- The Washington Times - Monday, March 30, 2020

A Georgia man has been charged with conspiring to defraud federal and private health benefit programs by submitting false claims for coronavirus tests, the Justice Department said Monday.

Erik Santos, 49, of Braselton, Georgia, is charged with one count of conspiring to violate the Anti-Kickback Statute and one count of conspiring to commit health care fraud. He faces up to 15 years in prison if convicted on both counts.

Mr. Santos is scheduled to appear in Atlanta federal court later Monday.

Prosecutors said that Mr. Santos had been receiving kickbacks on a per-test basis for submitting genetic cancer screening tests to diagnostic facilities regardless of medical need.

But when the coronavirus pandemic hit, Mr. Santos expanded the scheme to “capitalize on a national emergency for his own financial gain,” prosecutors wrote.

Court documents do not identify who was paying Mr. Santos the alleged kickbacks.

“Santos sought to maximize his kickback profits and to bleed federal health care resources at a time when Medicare beneficiaries across the United States were in dire need of coverage for medical treatment and services,” Craig Carpenito, U.S. attorney for New Jersey said in a statement.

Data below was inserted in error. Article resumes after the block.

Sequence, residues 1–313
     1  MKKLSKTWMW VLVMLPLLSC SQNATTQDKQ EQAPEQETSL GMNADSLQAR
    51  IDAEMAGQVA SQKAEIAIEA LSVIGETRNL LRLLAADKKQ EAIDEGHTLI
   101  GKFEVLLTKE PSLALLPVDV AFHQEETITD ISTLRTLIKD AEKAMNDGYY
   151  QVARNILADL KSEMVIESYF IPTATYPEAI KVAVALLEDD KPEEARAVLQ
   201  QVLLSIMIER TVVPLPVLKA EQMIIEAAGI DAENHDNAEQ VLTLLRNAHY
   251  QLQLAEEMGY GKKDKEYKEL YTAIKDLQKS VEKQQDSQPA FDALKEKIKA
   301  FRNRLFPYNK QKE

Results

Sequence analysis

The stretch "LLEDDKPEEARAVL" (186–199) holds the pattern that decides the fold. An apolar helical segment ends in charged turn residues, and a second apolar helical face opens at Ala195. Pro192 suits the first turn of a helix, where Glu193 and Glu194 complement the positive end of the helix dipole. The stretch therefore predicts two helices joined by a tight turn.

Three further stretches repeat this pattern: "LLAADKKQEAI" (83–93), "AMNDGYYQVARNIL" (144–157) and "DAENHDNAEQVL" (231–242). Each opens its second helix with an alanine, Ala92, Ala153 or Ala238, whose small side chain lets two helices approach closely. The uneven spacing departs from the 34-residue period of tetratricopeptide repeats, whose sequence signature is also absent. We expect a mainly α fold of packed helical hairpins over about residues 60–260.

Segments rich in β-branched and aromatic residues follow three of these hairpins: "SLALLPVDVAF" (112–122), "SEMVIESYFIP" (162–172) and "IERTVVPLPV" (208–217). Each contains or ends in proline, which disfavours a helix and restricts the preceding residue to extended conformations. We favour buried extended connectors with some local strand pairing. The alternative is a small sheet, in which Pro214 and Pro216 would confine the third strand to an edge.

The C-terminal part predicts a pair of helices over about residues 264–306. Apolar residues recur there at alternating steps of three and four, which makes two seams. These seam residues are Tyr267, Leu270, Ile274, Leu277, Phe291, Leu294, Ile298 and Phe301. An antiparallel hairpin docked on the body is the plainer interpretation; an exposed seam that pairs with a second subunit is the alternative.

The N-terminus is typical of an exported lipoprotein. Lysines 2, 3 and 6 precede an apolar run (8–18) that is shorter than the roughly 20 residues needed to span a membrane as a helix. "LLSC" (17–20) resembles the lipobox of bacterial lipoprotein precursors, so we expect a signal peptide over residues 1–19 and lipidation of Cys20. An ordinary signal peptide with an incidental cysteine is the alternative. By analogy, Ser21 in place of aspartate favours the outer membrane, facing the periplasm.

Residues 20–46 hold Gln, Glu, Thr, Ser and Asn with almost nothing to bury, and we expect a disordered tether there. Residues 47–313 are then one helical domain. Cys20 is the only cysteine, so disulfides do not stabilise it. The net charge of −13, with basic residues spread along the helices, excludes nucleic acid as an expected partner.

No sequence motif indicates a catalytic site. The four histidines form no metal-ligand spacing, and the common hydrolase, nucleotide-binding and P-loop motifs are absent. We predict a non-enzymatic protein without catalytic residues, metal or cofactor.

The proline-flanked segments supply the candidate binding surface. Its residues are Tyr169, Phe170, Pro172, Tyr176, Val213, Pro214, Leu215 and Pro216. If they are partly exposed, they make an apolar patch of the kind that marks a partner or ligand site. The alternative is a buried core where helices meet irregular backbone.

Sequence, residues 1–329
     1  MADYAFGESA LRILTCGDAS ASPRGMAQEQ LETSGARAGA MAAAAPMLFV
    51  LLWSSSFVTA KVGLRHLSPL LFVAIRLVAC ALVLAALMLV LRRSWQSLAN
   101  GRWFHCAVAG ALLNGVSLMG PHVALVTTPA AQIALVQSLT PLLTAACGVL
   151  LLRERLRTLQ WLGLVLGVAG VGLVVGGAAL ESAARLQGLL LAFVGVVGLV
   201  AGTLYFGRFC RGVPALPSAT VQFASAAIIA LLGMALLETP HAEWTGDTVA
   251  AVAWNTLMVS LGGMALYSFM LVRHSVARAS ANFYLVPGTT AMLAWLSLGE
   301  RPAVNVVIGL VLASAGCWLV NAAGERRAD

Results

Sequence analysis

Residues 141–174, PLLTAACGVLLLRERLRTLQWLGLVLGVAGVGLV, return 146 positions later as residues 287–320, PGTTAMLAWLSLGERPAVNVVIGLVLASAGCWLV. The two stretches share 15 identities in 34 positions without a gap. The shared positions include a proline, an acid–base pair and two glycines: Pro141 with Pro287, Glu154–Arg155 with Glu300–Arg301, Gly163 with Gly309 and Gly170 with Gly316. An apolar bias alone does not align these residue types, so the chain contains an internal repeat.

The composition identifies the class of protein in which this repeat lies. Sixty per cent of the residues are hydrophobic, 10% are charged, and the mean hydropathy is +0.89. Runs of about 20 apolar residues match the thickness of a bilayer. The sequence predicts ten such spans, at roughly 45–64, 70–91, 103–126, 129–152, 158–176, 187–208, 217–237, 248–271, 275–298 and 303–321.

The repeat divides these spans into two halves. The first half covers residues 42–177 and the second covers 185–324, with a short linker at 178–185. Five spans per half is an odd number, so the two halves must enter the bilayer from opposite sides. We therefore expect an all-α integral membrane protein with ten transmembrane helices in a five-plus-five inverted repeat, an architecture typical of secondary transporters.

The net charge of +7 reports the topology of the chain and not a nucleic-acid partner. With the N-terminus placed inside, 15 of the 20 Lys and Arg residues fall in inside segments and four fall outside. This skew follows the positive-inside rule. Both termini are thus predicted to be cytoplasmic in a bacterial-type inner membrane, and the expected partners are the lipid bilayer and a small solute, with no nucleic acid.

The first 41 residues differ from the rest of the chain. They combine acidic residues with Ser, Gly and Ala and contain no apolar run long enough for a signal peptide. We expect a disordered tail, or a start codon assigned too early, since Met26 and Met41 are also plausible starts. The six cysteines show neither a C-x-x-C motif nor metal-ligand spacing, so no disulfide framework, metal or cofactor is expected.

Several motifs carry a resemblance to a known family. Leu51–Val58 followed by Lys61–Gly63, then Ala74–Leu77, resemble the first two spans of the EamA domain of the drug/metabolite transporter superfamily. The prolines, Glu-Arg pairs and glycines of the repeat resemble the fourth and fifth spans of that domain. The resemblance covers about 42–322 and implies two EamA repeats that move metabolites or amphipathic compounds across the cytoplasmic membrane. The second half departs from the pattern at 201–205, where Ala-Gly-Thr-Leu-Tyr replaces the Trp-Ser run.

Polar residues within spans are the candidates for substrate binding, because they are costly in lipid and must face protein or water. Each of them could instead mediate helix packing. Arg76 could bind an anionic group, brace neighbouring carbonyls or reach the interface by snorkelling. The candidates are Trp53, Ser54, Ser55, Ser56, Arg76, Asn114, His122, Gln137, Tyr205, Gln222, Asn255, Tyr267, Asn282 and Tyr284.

The charges were filed in a federal court in Newark, New Jersey.

Mr. Santos agreed to be paid kickbacks for the COVID-19 tests, provided those tests were bundled with more expensive cancer tests, which do not identify or treat COVID-19, prosecutors said. Those tests were then submitted to health benefit programs for reimbursement, according to court documents.

On a March 19 phone call, Mr. Santos explained to an informant that he viewed the coronavirus as a chance to make money, prosecutors said. He even put his other work on hold to “chase the Covid dollar bird,” according to court filings.

“While there are people going through what they are going through, you can either go bankrupt or you can prosper,” Mr. Santos said during the call, according to prosecutors.

Mr. Santos is the second person to face federal charges since the coronavirus pandemic began. Last week, the Justice Department charged actor Lawrence Middlebrook with allegedly selling a phony coronavirus vaccine on social media.

• Jeff Mordock can be reached at jmordock@washingtontimes.com.

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